5 Things Not to Say to a Person with an Autoimmune Disease

When someone is facing hardship, friends and family naturally want to make it help. Knowing what to do or even finding the right words to console can be difficult. It’s almost an impossible task.

For most people, if they cannot physically see illness, they can’t really comprehend it. Unless I’m having a droopy lid episode, no one can tell that I have MG. None the less I could be suffering on the inside. I get it. I’ve been there. Your friend or loved one is suffering and you want to make it better. You want to say something, anything. But honestly, sometimes silence is golden- especially when you don’t know what to say.  

What Not to Say:
1. “It could be worse.”
  • Yes. Yes it could be worse. As a matter of fact, thinking about how worse this can get is actually making me feel worse. Comparing my misfortune to another’s misfortune is not a way to make me feel better. Everyone’s journey in life is different. If I’m not allowed to compare success or life accomplishments then why the heck can you compare my ailment?
2. “At least it’s not terminal.”
  • Well actually it can be. Again, don’t compare it to something easily treatable like a cough or a broken limb. And try doing some research before you start spewing off little tidbits on things you know little about.
3. “You look ok to me.”
  • It’s not about what it looks like to you. It’s about what it feels like to me. And I feel like crap. Whether you can see it or not.  You can’t see that my legs feel like jello and my arms feel like 200 lbs weights making it difficult to move. You can’t feel the massive headache I’ve had for days because my vision is blurry without my eye patch.  Maybe I look ok to you because I mustered up all the strength and confidence I could find and stepped outside of my house despite the war waging inside of me.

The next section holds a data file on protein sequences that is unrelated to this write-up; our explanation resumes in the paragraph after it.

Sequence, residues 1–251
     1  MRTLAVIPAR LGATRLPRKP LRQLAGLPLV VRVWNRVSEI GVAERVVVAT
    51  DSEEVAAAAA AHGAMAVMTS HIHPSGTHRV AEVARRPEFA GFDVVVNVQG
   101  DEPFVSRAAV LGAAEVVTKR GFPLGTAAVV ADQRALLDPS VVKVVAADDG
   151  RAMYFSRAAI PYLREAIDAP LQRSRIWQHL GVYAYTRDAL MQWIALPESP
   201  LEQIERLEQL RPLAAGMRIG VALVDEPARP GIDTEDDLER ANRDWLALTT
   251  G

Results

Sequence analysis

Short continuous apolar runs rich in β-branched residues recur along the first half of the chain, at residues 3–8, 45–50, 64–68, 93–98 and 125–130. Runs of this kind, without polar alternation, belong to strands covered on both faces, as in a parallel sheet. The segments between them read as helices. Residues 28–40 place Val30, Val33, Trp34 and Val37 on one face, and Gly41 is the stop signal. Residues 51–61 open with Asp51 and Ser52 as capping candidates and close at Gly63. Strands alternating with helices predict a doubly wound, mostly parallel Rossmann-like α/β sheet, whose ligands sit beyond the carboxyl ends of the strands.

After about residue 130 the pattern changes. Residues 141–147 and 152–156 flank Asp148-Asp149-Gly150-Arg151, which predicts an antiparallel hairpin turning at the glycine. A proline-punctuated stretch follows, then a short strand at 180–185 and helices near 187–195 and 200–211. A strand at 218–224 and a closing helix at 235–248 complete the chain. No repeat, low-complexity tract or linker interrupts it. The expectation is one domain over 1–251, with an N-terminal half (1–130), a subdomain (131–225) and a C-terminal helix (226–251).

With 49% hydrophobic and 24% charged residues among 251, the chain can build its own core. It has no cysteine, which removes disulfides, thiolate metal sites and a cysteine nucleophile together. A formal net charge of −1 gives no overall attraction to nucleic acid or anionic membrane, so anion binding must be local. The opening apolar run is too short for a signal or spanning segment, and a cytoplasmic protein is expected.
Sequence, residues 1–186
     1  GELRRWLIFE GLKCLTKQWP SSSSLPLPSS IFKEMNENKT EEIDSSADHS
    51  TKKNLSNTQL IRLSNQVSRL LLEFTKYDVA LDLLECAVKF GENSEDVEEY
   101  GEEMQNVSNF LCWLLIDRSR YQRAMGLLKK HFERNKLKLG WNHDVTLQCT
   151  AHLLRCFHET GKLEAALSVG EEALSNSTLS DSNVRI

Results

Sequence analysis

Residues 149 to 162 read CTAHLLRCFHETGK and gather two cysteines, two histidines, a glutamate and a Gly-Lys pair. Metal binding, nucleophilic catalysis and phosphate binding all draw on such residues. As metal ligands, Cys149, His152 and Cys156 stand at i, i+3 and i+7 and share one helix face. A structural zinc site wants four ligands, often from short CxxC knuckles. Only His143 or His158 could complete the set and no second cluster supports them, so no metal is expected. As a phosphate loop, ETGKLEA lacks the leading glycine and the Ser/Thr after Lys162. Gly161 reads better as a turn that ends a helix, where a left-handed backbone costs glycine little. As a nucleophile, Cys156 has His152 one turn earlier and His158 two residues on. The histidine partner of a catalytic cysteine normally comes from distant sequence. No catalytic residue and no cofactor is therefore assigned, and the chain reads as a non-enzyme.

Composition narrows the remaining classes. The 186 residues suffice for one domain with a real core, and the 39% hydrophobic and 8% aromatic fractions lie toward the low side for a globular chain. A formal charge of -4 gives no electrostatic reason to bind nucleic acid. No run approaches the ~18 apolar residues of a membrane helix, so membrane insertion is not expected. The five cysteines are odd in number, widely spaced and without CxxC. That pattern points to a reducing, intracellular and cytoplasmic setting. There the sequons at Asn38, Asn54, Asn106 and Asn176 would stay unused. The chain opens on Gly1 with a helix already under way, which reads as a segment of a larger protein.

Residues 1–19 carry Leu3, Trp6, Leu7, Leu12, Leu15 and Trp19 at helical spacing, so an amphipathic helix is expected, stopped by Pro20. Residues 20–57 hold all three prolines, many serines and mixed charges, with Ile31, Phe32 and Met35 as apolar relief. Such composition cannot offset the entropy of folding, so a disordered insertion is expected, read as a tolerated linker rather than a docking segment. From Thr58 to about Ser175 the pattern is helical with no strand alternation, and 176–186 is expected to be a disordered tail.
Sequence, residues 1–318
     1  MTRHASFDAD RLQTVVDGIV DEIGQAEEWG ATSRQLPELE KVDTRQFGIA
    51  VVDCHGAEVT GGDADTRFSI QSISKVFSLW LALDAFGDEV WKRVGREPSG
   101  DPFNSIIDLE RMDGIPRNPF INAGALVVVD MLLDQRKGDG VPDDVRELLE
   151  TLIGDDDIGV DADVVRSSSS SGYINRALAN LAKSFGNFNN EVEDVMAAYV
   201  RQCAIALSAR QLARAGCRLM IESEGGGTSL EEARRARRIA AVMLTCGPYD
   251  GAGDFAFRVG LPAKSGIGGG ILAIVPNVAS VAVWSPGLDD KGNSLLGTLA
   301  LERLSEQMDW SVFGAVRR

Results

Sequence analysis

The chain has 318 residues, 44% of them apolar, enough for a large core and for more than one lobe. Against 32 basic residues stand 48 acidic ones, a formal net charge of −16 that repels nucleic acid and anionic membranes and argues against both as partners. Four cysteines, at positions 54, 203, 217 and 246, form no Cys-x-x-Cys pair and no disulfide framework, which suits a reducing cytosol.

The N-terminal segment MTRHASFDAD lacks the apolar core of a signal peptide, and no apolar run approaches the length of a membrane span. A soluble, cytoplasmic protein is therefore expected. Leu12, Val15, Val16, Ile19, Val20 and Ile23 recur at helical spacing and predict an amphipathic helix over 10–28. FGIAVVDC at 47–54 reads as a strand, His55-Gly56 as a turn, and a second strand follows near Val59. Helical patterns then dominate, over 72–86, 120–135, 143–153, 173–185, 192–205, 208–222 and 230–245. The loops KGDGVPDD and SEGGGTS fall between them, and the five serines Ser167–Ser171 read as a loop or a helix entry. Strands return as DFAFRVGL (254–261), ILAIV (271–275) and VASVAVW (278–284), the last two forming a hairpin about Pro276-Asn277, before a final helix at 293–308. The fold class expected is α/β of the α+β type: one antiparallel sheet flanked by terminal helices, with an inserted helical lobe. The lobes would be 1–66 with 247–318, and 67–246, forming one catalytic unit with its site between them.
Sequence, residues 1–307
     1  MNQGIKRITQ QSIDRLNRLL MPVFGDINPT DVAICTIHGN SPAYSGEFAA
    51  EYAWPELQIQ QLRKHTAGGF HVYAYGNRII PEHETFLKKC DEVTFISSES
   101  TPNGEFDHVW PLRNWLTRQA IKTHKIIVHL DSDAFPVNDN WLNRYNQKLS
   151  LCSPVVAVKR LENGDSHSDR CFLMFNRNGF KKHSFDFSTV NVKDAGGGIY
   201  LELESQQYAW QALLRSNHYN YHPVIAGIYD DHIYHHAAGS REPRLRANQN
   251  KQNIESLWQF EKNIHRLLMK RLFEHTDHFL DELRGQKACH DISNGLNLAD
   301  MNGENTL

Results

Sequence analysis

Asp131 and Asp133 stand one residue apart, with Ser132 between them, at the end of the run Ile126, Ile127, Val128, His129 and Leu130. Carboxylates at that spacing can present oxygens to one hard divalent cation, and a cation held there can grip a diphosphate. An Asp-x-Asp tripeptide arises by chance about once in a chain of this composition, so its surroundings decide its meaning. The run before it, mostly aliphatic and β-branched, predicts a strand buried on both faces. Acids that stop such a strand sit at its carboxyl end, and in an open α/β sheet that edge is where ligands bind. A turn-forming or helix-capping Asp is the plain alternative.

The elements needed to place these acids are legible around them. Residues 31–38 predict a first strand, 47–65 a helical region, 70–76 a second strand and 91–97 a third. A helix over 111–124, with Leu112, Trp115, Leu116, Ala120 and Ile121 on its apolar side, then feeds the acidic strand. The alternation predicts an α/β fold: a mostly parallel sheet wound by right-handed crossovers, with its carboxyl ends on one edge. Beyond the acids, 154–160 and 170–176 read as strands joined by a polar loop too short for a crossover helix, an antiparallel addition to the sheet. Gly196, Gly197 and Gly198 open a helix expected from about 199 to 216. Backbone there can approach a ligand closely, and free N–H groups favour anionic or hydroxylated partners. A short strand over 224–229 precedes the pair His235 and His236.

4. “I’m sorry.”
  • What are you sorry for? Did you give me MG? Did you make it incurable? There is nothing for you to be sorry for. Why are you apologizing for a wrong you have not committed? People say “I’m sorry” to express sympathy during misfortune (like death). Thanks for the reminder that something unfortunate is happening in my life. Please don’t pity me. Your pity offers ZERO solace.
5. “You’ll be back to normal in no time.”
  • Did you miss the part when I said there’s no cure? While symptoms may fluctuate between good and bad days, this is my new normal, my new reality. Life will never go back to exactly how it was. Even if I manage to go into remission, the cloud of MG will forever be present.
What to say

The appropriate thing for me to do would be to give you a list of things you could say to your friend/loved one so that you don’t offend them. I tried to come up with that list….. and I got nothing. I drew a complete blank. There are no “right” words to say, but try to stay away from the ones I mentioned (at least when talking to me).

Again, I know it’s meant with the best intentions. Intention is everything. But I think I’m one of those people who actually don’t mind silence. I’d much rather someone sit in watch tv with me in utter silence as a show of support.

Can anyone out there relate? How do you reply when someone says something that rubs you the wrong way?


Morgan Greene is a Maryland chronic illness and holistic wellness lifestyle blogger. After years of struggling with her autoimmune disease diagnosis, Myasthenia Gravis, she decided to combine two of her favorite things…writing and informing others

IsWasWillBe.com was created to have unfiltered discussions about having a chronic illness. It has since become a place to inspire and create a sense of community among women with autoimmune diseases. Morgan loves trying new things and sharing with other spoonies how to live an ill life on their terms.

When she’s not blogging she is probably reading a book, drinking a Coke Slurpee or listening to music.

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